Considering “Sameness” of Monographic Holdings in Shared Print Retention Decisions

Jennifer Hain Teper


In addition to the pressure of operating in a steady state of insufficient funding, academic libraries face incessant pressure to use space differently. As a result, libraries are aggressively withdrawing materials to relieve cramped shelves and reduce overall collection footprints. Selection for withdrawal may be based on various factors, but of concern is the withdrawal of materials for which copies are currently held in shared print repositories. Recent publications point to the need for thoughtful and strategic evaluation of shared print for quality and completeness, plus the evaluation of copies considered for withdrawal to ensure the perseverance of our print heritage. This study focuses on the comparison of forty-seven monographic titles cataloged as identical items that show broadly varying differences in editions, printings, condition, and preservation and repair. Survey data collected includes information about bibliographic accuracy, printing and binding variances, completeness, physical damage, chemical deterioration, provenance, and presence in the HathiTrust. The results show wide variability in the accuracy of cataloging records, historical use, physical condition of the materials, and the ability for those materials to be successfully digitized in the future. These results are illustrative of the strong potential for variation in “identical” bibliographic holdings among the broader academic library community.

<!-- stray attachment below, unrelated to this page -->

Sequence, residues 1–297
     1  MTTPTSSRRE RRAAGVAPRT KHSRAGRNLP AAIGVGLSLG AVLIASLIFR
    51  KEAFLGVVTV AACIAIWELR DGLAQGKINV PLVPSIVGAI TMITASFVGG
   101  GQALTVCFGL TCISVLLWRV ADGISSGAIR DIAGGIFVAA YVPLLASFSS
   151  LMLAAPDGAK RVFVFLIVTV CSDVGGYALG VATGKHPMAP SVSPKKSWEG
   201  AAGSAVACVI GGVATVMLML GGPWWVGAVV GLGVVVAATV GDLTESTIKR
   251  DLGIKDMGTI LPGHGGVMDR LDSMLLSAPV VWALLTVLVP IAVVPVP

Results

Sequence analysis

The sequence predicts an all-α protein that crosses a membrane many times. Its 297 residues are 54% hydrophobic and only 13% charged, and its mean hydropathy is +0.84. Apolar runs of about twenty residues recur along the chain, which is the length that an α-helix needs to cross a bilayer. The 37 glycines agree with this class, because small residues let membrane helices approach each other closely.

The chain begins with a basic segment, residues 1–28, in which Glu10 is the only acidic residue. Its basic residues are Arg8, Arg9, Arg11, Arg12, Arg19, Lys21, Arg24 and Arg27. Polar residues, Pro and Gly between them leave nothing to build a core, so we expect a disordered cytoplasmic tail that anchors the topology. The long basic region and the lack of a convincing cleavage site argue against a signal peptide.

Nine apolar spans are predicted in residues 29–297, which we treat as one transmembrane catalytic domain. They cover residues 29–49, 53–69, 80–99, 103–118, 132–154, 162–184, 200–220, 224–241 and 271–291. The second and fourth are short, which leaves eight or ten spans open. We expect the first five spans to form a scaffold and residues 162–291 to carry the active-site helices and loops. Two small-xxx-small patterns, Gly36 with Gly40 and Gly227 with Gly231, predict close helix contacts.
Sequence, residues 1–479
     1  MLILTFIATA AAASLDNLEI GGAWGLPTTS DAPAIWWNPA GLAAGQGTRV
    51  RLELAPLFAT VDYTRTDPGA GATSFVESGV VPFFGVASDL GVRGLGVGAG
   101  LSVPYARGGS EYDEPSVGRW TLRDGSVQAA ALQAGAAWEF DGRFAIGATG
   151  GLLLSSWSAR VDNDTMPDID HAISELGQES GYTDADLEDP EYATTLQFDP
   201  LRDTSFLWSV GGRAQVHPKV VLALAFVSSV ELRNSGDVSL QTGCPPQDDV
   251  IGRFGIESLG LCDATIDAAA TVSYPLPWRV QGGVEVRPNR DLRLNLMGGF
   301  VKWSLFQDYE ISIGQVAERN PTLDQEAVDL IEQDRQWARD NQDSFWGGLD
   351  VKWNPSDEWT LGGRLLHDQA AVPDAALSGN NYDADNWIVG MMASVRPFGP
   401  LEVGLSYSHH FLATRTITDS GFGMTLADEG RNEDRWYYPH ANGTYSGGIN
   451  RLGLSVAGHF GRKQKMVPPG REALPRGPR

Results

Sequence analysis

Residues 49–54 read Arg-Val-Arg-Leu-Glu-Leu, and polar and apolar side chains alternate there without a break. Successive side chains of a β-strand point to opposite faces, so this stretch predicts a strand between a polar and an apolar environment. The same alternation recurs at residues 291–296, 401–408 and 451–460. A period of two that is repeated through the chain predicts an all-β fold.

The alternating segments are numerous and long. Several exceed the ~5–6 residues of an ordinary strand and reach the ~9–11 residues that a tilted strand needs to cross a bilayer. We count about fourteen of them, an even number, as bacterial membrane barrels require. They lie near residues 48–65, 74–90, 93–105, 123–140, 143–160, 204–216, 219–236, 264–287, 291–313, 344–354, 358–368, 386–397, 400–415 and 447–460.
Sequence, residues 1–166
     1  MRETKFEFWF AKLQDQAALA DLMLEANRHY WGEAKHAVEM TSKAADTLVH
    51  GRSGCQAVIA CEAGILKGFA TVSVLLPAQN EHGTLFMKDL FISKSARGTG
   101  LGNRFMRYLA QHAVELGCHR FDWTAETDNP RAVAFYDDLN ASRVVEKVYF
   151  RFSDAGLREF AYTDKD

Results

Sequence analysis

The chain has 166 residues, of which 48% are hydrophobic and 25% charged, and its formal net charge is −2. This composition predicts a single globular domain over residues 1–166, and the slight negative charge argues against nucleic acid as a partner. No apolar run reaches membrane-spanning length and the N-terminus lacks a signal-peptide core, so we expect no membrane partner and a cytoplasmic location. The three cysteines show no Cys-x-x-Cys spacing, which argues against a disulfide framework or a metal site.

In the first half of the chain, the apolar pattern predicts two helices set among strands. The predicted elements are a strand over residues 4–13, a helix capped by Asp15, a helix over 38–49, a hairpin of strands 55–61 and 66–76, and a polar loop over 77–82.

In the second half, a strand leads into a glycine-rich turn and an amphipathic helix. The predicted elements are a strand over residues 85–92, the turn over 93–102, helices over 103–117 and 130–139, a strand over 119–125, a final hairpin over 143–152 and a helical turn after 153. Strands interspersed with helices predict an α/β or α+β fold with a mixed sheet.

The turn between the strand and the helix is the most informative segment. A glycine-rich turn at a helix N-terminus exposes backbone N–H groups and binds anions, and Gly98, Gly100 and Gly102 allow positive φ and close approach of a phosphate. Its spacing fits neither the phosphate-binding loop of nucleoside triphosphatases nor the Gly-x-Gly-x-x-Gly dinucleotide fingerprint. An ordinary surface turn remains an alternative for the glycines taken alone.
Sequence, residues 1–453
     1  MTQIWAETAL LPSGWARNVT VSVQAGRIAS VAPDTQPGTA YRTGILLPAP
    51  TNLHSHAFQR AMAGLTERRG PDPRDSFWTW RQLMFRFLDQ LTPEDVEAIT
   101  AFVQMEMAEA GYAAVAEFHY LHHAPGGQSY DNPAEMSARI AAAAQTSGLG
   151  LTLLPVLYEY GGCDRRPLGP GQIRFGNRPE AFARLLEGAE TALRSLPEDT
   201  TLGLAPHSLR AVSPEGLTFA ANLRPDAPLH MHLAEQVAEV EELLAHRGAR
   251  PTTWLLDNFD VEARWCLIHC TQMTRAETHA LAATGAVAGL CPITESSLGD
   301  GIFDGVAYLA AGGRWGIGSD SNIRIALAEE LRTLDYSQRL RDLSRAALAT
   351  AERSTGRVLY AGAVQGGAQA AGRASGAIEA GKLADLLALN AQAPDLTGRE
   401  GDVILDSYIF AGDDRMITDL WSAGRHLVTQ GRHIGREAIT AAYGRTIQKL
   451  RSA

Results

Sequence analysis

preservation; shared print retention

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